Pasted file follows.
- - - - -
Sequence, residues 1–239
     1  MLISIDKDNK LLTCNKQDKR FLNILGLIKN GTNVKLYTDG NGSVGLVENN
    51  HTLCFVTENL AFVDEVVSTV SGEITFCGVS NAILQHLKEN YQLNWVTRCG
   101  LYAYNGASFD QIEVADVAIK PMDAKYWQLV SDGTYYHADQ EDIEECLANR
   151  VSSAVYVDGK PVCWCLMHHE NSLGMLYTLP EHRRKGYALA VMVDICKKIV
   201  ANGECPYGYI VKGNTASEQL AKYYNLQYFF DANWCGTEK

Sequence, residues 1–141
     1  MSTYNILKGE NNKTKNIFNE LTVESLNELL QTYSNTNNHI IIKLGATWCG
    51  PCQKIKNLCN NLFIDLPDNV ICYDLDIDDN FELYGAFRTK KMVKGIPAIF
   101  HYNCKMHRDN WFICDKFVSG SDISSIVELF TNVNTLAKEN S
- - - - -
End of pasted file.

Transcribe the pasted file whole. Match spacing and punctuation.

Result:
Sequence, residues 1–239
     1  MLISIDKDNK LLTCNKQDKR FLNILGLIKN GTNVKLYTDG NGSVGLVENN
    51  HTLCFVTENL AFVDEVVSTV SGEITFCGVS NAILQHLKEN YQLNWVTRCG
   101  LYAYNGASFD QIEVADVAIK PMDAKYWQLV SDGTYYHADQ EDIEECLANR
   151  VSSAVYVDGK PVCWCLMHHE NSLGMLYTLP EHRRKGYALA VMVDICKKIV
   201  ANGECPYGYI VKGNTASEQL AKYYNLQYFF DANWCGTEK

Sequence, residues 1–141
     1  MSTYNILKGE NNKTKNIFNE LTVESLNELL QTYSNTNNHI IIKLGATWCG
    51  PCQKIKNLCN NLFIDLPDNV ICYDLDIDDN FELYGAFRTK KMVKGIPAIF
   101  HYNCKMHRDN WFICDKFVSG SDISSIVELF TNVNTLAKEN S